Hadley Beckett's Next Dish
A solid step up from Bethany Turner’s previous novel, Hadley Beckett’s Next Dish is a fine contemporary romance about two chefs with clashing personalities who find love.
The titular Hadley Beckett is a wiz in the kitchen. With two Michelin stars to her name, she’s sugar sweet and southern charm, inspiring waves of followers who consider Hadley their wholesome girl next-door.
Celebrity chef Max Cavanagh is anything but wholesome. A bad boy chef with a worse reputation, he has nine Michelin stars, several restaurants and is Hadley’s competition on an episode of America’s Fiercest Chef (Think Iron Chef or Chopped).
When Hadley and Max aren’t playing good cop/bad cop on the show as they cook for their lives, they’re hosting two shows constantly jockeying for the top slot on the Culinary Channel; Max’s show is the Gordon Ramsay-ish/Bobby Flay-like To the Max, and Hadley’s is the predictably sweet-natured At Home with Hadley. So it’s not shocking that when Hadley’s dish beats Max’s during their AFC episode, he throws a huge tantrum. Since the show’s pre-taped for edit, Hadley presumes the scene will never see the light of day, but it’s leaked, and Max’s show is suspended, his career in jepoardy.
Soon after, Hadley is approached by Leo, Max’s big-time agent, who wants to make over her show and boost her career by putting her on Renowned, a show she watched in her childhood that she’s always dreamed of appearing on, in return for her assistance in relaunching Max’s career by sharing the season with him. Hadley’s been managed by her no-nonsense – and never-has-any-time-for-Hadley – Meemaw since her career started, and to take up the offer, she needs to finally confront the woman.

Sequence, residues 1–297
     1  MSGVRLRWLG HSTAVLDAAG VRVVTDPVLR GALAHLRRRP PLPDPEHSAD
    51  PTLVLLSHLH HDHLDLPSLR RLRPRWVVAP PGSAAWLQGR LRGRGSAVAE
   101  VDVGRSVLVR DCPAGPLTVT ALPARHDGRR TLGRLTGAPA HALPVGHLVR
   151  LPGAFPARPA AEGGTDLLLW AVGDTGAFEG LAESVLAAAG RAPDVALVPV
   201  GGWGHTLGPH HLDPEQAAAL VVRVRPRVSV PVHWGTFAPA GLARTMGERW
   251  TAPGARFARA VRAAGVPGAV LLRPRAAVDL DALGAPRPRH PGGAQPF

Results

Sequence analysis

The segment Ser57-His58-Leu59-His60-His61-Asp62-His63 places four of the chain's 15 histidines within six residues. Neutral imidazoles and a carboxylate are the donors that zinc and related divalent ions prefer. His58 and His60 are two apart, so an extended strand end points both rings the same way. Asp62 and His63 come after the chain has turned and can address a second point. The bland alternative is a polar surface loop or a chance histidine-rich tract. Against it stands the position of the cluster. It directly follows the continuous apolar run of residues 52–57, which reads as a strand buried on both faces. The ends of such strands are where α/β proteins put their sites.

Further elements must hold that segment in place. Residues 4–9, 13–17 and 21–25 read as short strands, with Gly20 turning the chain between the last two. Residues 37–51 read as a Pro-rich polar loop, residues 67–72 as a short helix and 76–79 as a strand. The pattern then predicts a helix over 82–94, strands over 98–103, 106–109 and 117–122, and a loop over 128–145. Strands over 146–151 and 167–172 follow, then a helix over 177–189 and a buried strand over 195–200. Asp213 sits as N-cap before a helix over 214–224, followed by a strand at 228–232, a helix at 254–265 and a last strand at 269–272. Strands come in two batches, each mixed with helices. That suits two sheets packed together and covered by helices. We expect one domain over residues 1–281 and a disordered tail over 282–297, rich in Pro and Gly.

Max and Hadley begin spending time together to prepare for the series, and soon the two of them are doing more than bonding over food. She soon learns there’s a devoted, detail-orientated side to Max, and Max learns that there’s more to Hadley than her sugar-sweet exterior. But can they develop trust in one another when so many differences seem to stand in their way?
Hadley Beckett’s Next Dish is a surprising charmer of a novel, a heartfelt southern production with a sense of humor and a lot of cute ideas.
Max’s arrogance is a nice counterbalance to Hadley’s kindness – but Hadley isn’t so kind as to be unbelievable, nor Max too over the top to be sensible. Both simply work as characters, and together.
But the romance suffers from a bit of a case of insta-love. While the pair does take the time to get to know one another, when Max kisses Hadley for the first time, it feels a bit sudden, as if it were in need of more time to percolate.
I enjoyed Hadley’s pushy-but-not-evil Meemaw, and I liked the surprisingly kind agent Leo, who bucks all agent-in-romancelandia stereotypes on the way to being one of the books’ best things.
Hadley Beckett’s Next Dish’s inclusion of faith-based elements comes in a more subtle format than in the author’s previous book, Wooing Cadie McCaffrey. The religious faith of the characters feels more of a background subject compared to the book’s simple message of redemption and its simple plot construction. That construction is what kept the book from a higher grade, its predictable no-one-is-going-to-talk-this-out plot twists are a groan, and the characters deserve better. The book’s best plot devices revolve around Hadley’s struggles to command respect as a serious chef in the television world.
In the end Hadley Beckett’s Next Dish isn’t going to be every romance fan’s main course – but it’s good enough to earn a solid passing grade.